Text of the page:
Too often we are told the youth of today expect everything on a plate; that they are feckless and workshy and assume the state will bale them out with handouts.
As we all know, this is far from the truth. Just look at last week’s great A-level results from students across this area.
But it does no harm now and again to highlight the drive and determination of an individual in seeking to improve his lot. Such is the case of 26-year-old Nathan Hogan from West Leigh, Havant.
As we report on page 11 today, he has probably taken ambition to find a career a tad too seriously by walking 60 miles from his home to central London to knock on the BBC’s revolving door.
Norman Tebbit once famously urged the unemployed to get on their bikes to seek work, but Nathan took to his feet to get to the capital.
With just £1.36 in his pocket and five tins of baked beans and chilli pasta in his backpack, he decided the only way to fulfil his dream of working in the technical side of the music industry was to turn up unannounced at BBC Media Centre.
Nathan, who is currently a cleaner, has a background in music and sound production and his modern-day pilgrimage might yet pay off.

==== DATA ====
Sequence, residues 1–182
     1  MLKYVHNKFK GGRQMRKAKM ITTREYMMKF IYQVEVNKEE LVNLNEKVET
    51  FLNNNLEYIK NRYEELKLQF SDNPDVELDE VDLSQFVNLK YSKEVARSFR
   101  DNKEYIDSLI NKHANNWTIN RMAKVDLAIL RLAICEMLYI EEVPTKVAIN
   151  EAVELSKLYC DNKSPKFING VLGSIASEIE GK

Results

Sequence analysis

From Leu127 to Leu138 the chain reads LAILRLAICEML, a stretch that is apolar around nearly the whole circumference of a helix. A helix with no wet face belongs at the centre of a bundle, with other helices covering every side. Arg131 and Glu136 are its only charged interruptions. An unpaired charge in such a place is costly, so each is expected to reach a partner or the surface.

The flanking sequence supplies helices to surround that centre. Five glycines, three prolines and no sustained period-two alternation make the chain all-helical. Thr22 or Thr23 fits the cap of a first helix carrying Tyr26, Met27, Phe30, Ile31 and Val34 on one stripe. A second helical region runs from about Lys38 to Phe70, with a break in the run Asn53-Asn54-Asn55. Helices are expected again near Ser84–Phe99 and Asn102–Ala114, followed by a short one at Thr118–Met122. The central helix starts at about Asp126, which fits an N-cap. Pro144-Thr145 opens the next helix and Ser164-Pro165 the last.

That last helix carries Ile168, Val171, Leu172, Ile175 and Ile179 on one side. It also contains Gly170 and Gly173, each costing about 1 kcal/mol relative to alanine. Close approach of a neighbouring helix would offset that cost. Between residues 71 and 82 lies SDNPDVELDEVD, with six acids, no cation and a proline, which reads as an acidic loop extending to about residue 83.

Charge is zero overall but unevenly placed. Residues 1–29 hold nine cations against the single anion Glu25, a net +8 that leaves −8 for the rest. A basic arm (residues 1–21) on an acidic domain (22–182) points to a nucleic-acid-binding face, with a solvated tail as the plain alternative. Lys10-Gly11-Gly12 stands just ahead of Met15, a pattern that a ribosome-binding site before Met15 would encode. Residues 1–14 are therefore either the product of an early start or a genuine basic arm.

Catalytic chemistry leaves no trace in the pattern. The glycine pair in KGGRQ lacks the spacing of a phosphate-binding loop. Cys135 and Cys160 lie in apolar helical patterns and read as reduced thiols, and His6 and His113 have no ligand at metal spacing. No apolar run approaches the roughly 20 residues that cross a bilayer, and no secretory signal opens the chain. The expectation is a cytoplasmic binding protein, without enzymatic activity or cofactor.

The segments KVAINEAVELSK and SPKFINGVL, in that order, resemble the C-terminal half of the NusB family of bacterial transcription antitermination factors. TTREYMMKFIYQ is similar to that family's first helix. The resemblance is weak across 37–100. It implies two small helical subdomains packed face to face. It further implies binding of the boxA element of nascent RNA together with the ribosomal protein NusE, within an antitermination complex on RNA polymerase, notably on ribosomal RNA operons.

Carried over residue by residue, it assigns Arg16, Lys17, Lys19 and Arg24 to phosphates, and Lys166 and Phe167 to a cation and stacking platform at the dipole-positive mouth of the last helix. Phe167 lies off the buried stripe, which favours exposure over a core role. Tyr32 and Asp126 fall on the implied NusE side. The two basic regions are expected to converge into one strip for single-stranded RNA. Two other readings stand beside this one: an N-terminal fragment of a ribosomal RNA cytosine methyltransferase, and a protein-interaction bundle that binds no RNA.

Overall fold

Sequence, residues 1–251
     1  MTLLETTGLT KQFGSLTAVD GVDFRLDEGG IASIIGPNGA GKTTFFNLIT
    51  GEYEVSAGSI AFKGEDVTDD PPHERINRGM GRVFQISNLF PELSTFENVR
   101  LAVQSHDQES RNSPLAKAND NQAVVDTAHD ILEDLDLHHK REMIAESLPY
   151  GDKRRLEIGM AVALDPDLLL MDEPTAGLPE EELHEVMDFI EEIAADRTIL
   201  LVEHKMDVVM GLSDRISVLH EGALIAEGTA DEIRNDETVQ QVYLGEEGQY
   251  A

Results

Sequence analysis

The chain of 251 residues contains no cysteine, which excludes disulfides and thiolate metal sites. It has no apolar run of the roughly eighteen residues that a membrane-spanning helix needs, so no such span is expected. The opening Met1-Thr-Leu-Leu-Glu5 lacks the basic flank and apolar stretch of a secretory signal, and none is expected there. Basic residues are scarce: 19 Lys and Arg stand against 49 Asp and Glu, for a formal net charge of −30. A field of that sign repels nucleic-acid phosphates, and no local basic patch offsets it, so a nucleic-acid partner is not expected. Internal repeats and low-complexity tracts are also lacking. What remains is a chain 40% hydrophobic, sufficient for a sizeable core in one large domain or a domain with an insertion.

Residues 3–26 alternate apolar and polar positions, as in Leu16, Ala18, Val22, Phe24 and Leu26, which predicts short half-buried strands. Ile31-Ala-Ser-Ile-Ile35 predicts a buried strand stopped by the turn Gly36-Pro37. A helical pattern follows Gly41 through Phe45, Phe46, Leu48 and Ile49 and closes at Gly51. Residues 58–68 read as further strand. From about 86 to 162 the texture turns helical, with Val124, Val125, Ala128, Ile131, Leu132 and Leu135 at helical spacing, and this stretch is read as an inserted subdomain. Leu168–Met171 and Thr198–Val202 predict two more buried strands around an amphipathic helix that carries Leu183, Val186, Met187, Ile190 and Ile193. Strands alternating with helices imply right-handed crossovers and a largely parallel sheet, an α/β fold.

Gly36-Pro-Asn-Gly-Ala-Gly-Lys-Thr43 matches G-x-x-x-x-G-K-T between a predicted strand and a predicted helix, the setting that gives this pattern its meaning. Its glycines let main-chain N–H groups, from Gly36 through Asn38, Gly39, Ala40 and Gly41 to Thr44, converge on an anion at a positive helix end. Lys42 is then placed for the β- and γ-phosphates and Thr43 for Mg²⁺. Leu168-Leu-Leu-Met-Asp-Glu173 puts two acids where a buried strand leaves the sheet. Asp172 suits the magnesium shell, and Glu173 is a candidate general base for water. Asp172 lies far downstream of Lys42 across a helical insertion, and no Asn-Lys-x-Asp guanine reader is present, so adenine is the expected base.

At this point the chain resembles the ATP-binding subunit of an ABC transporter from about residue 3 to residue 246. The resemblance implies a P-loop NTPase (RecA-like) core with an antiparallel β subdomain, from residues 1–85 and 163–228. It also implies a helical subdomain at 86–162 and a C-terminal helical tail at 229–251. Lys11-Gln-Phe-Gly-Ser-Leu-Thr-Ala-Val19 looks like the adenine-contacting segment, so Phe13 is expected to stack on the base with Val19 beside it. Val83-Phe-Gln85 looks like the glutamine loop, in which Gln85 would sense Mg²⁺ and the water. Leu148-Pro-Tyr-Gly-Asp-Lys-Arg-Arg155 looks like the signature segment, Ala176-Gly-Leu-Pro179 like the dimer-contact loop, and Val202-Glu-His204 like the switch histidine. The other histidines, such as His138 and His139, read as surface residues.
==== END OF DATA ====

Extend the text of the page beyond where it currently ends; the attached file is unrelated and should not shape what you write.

How refreshing it is to hear him say: ‘In today’s climate there are so many people that don’t want to get jobs. They are quite happy to sit around and get benefits and that’s it.
‘I wanted to show how much this meant to me and how much I need this.’ Admirable sentiments.
The BBC deserves credit for at least sending someone from its personnel department to meet Nathan after his four-day trek through the Hampshire and Surrey countryside in which he slept rough. And paying his train fare home.
It would have been all too easy to have had him removed from the building by a security guard.
So the BBC might not have offered him a job, but his exploits have gained him valuable publicity and a potential appearance on The One Show. What’s the betting he now achieves his dream?